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By Tawanda W. Johnson and Jason Bardi
The American Physical Society (APS) and the American Institute of Physics (AIP) recently announced a new jointly sponsored STEM Education Policy Fellowship that will fund a scientist or educator for up to two years, sending him/her to the U.S. Department of Education where they will work intensively on education policy and programs related to science, technology, engineering an mathematics (STEM).
APS and AIP will begin accepting applications immediately from qualified applicants. The first Fellow will be selected this fall and will begin working in January 2014. More information on the Fellowship and applications for the program may be accessed at the STEM Education Policy Fellowship web page.
"We started this new program in recognition of the increased emphasis on STEM education at the Department of Education," said APS Executive Officer Kate Kirby. "The STEM Education Policy Fellowship offers scientists with expertise in and passion for STEM education an opportunity to come to Washington D.C. to help shape science education policy critical to our nation's future. I think that the Department of Education will benefit greatly from the presence and contributions of this Fellow."
"Improving STEM education is a bi-partisan national priority that is key to our nation's economic and national security," said H. Frederick Dylla, AIP Executive Director and CEO. "As the U.S. Department of Education ramps up its portfolio of STEM programs and initiatives, the STEM Education Policy Fellow will be there to provide relevant perspective and important guidance."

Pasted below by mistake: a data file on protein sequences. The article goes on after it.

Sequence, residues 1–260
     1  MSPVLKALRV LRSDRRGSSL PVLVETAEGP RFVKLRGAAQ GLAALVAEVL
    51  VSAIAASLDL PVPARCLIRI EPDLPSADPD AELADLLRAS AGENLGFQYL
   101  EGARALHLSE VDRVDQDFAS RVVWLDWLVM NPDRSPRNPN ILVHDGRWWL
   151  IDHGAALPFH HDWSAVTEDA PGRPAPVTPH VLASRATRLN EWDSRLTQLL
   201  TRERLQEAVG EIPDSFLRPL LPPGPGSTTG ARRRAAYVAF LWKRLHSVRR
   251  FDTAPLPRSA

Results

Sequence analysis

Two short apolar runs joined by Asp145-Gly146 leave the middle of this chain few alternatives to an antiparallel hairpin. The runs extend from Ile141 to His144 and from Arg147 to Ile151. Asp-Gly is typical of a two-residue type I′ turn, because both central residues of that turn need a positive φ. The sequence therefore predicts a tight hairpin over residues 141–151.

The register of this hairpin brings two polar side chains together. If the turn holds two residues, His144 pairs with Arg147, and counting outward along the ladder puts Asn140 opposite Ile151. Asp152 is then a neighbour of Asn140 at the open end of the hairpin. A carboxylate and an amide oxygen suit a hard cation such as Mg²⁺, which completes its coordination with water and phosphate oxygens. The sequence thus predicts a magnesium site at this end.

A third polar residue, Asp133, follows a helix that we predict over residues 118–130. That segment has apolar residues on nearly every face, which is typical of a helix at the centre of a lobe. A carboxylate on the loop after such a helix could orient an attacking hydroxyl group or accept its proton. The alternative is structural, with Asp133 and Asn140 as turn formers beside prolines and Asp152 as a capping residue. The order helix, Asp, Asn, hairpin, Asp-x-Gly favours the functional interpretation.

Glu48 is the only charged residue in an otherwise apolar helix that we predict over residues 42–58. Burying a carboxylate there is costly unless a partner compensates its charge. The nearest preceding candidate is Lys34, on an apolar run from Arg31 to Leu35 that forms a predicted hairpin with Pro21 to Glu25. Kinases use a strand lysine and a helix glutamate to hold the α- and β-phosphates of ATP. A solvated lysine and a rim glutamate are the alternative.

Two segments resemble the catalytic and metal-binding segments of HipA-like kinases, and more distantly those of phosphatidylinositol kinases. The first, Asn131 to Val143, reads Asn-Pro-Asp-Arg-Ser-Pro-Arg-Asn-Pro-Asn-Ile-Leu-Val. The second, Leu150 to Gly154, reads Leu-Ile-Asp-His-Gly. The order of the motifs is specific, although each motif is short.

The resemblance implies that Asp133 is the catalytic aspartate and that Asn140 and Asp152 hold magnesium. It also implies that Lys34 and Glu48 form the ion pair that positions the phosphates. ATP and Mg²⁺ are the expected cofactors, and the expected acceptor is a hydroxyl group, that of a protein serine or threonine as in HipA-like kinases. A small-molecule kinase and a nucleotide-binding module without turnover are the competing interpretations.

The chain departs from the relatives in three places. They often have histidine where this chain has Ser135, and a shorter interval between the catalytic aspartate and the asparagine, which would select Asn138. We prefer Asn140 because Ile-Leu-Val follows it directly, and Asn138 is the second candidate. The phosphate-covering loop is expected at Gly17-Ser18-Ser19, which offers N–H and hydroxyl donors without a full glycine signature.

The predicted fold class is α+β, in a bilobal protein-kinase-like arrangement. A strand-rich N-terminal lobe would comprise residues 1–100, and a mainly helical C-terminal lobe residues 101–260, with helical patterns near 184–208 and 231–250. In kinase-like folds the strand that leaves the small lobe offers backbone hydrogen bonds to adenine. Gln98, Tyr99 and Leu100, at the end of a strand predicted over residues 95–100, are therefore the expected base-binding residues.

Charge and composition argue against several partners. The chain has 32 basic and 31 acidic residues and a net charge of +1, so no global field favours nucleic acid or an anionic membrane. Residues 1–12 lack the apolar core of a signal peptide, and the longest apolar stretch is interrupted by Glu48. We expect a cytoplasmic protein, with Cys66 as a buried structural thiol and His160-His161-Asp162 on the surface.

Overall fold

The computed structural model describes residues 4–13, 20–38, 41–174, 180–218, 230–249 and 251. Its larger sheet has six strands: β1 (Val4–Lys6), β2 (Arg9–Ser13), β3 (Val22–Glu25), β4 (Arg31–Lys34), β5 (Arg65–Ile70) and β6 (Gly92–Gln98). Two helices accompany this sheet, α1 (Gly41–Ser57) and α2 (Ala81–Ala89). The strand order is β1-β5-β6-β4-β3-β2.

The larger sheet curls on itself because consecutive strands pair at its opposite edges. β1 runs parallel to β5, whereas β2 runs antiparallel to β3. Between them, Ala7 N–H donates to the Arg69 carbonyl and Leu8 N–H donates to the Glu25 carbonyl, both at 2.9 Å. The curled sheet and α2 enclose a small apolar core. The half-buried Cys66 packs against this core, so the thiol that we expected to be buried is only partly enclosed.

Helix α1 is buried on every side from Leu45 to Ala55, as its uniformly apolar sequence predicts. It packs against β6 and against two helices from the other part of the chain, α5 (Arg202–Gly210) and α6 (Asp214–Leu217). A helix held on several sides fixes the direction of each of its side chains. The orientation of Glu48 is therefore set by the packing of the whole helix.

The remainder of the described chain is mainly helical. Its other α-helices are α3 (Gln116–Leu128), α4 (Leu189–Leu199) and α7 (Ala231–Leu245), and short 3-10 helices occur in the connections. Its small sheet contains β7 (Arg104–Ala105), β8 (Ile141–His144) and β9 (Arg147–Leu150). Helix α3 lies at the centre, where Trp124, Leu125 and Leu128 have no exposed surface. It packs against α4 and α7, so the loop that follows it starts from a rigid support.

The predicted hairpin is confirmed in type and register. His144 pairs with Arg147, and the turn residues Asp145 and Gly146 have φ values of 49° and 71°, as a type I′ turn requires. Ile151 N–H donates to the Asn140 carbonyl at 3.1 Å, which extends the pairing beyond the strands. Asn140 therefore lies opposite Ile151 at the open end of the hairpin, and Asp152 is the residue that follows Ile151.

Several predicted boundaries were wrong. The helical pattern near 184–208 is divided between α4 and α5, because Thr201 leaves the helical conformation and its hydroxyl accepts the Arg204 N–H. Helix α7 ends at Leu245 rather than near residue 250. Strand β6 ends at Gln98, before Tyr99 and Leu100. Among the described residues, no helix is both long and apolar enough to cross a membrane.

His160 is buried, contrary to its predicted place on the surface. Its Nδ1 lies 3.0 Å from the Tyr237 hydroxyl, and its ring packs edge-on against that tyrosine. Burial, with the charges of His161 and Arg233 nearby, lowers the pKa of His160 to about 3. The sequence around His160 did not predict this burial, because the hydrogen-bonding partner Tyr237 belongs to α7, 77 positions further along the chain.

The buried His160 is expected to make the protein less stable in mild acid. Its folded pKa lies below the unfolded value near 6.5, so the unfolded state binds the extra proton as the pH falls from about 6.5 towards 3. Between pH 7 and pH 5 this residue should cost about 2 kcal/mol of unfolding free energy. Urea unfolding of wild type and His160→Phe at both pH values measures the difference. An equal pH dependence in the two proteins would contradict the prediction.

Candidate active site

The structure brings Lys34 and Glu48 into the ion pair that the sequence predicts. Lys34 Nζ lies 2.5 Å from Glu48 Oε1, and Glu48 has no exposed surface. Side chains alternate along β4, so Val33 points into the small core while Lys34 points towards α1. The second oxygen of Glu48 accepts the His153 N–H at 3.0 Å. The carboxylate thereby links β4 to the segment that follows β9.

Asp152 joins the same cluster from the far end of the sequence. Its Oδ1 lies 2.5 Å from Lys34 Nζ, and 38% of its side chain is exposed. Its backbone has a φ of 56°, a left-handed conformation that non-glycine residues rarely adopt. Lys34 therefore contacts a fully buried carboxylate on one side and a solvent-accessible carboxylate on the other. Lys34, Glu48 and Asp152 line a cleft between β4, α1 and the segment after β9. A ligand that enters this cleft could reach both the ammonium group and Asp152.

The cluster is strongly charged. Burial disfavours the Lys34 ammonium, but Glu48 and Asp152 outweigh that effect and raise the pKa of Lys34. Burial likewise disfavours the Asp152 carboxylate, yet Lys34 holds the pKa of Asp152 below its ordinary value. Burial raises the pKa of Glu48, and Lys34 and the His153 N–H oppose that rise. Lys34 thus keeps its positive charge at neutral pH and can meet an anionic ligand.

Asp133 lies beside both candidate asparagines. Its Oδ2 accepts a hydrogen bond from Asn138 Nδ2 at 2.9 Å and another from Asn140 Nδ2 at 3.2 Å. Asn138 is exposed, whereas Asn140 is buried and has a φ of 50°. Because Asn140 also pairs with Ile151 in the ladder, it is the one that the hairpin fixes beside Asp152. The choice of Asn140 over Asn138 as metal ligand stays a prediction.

The APS-AIP Fellow will work within the U.S. Department of Education's Office of Planning, Evaluation, and Policy Development (OPEPD), which is responsible for coordinating and developing major policy initiatives and preparing the department's more than $71 billion annual budget request. The office aims to craft policies that support President Obama's goals of closing the achievement gap in science and mathematics and making the United States first in the world in college completion by 2020.
While working at the OPEPD, the APS-AIP STEM Education Policy Fellow will conduct research analysis, help define policy priorities, attend congressional hearings and build partnerships with other agencies and private organizations. The Fellow must belong to one of AIP's member societies and hold a doctorate in a physical sciences discipline. Successful candidates will also demonstrate outstanding communication skills, familiarity with education policy, and a strong commitment to serve society. The term of the Fellowship is not less than one year and not to exceed two years and carries a stipend of $70,000.
Jason Bardi is director of media services for AIP.
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